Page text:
Donald's Encyclopedia of Popular Music


CHERRY, Don (jazz musician)

(b 18 November 1936, Oklahoma City OK; d 19 October 1995 of liver failure) Trumpet, cornet, other instruments; composer. Came to prominence in Ornette Coleman's free jazz quartet, playing 'pocket' trumpet; also on John Coltrane quartet LP The Avant-Garde '60. Played early '60s with Steve Lacy, Sonny Rollins; founder-member of New York Contemporary Five '63-4 with Archie Shepp and John Tchicai; spent much time in Europe as prominent exponent of improvised contemporary music, but also coming to be an exponent of what has come to be called world music. An admirer of Bix Beiderbecke, he played cornet since c.1969; also flutes, bells, gamelan, etc. He began recording as a leader '61, his untitled originals recorded by a trio with Blackwell and bassist Henry Grimes not then released by Atlantic. Quintet with Gato Barbieri made Togetherness '65 in Paris, later on Inner City; then Blue Note LPs '65-6: Complete Communion a quartet with Barbieri, Grimes and Blackwell; Symphony For Improvisors adding Pharoah Sanders and two others; Brooklyn Is Now a quartet with Sanders, Grimes, Blackwell. (The Blue Note recordings were compiled complete on Mosaic.) Eternal Rhythm '69 was made in Berlin with Cherry on cornet, also playing flutes and other instruments; the octet included Albert Mangelsdorff, Arild Anderson and Sonny Sharrock. Mu First Part, Second Part '69, duos with Blackwell, were issued as a set on French Actuel and as separate LPs on Affinity UK. A trio set Live In Ankara '69 was made at the U.S. Embassy; Human Music '69-70 was a solo LP made at Dartmouth College; trio set Don Cherry was made in Paris '71; The Creator Has A Master Plan '71 in Sweden by Organic Music Society with 'visitors and friends', some tracks including a Youth Orchestra.

Cherry had married Moki, a Scandinavian percussionist; she encouraged him to study ethnic musics, and among other instruments he took up the doussn'gouni, a hunter's guitar from Mali. They played festivals and exhibitions, especially for children; he received an NEA endowment '82 to work in Watts teaching children.

Meanwhile, other albums were mostly on Japanese or European labels. Actions '71 was a particularly interesting project, made at Donaueschingen, Germany, then a center of the European avant-garde, by a specially assembled group called the New Eternal Rhythm Orchestra under the direction of Cherry and composer Krystzof Penderecki. The band included a great many members of the emerging European free jazz scene: Peter Brotzmann, Willem Breuker, Paul Rutherford, Han Bennink, Terje Rypdal, Kenny Wheeler and Tomasz Stanko were all there. 'Classical' composers were finding that some of their interests and working methods were shared by the young jazzmen, while Cherry was beginning to study ethnic musics, so there were echoes of Turkish folk and classical Indian rhythms in Cherry's pieces, such as 'Sita Rama Encores', interspersed with passages of explosive energy. Penderecki's piece, 'Actions for Free Jazz Orchestra', explored the balance between composition and improvisation, using drones, overblowing and so on. Penderecki's piece may have been influenced by the Global Unity Orchestra, which had recorded foir ECM; he did not follow through with more compositions for the group, but the project was an influence that continues to this day, on composer/leaders such as Butch Morris.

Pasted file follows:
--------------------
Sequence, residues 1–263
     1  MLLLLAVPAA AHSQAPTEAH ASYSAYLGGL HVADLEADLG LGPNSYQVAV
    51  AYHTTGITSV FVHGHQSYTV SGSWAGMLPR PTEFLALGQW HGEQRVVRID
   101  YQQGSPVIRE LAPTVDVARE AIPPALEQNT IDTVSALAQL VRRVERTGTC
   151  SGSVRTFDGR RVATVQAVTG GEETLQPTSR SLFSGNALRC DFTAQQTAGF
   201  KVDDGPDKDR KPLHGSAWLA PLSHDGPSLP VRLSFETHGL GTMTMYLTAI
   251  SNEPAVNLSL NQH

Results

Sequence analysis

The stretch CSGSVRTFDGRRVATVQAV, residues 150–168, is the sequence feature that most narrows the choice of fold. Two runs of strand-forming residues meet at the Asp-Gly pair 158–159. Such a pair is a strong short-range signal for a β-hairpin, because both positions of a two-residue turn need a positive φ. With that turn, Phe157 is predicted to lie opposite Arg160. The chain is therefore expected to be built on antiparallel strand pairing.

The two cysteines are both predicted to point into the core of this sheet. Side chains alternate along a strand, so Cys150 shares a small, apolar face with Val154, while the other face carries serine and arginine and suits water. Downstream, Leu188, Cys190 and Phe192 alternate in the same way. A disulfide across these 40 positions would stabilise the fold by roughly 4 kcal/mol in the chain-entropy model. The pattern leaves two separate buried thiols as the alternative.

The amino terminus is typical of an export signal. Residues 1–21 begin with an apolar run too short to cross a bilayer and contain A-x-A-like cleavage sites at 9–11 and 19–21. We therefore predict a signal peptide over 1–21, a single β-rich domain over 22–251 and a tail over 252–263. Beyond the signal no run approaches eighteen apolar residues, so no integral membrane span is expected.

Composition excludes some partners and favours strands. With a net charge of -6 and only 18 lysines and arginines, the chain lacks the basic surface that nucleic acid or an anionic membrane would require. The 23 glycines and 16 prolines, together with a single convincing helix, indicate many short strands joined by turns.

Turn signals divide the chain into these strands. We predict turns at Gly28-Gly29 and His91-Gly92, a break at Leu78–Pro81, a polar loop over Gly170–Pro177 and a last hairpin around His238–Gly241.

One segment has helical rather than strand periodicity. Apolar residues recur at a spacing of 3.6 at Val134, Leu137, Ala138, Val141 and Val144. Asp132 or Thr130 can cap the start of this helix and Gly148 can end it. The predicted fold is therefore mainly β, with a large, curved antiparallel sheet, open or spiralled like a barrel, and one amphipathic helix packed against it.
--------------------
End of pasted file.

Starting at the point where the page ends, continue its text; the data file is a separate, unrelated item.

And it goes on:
Further Cherry albums were the trio set Orient '71; Organic Music '72 at Copenhagen and Stockholm; Relativity Suite '73 on the JCOA label NYC with a large group including Carla Bley, Frank Lowe, Haden and Blackwell; Eternal Now '73 in Stockholm, a quintet with harmonium, bells, cymbals, gongs; Brown Rice '75 on A&M with Lowe, Haden, Billy Higgins and others; Hear And Now on Atlantic '76; The Journey '77 on Chiaroscura with Hamiet Bluiett, Dollar Brand and others. Music/Sangam '78 was a duo with Latif Khan, tabla; El Corazón '82 with Blackwell, both made in Europe.

He formed the quartet Old and New Dreams '78 with Charlie Haden, Ed Blackwell and Dewey Redman celebrating the original Coleman groups; albums included Old And New Dreams and Playing on ECM, A Tribute To Blackwell '87 on Black Saint. There was also a duo Grazing Dreams with sitar and tabla player Collin Walcott '77, and three ECM albums '80-2 by Codona, a trio with Walcott and Naná Vasconcelos playing Eastern instruments. Walcott (b 24 April 1945, NYC) was killed in a car crash '84 in East Germany while touring with the fusion band Oregon, which also recorded for ECM. From '87 Cherry occasionally reunited with Ornette; Art Deco on A&M included Charlie Haden, Billy Higgins, and James Clay on tenor sax; Cherry's sextet album Dona Nostra came out on ECM; Brotherhood Suite on Flash Music released posthumously compiled '67-74 tracks with Swedish musicians. His stepdaughter is pop singer Neneh Cherry.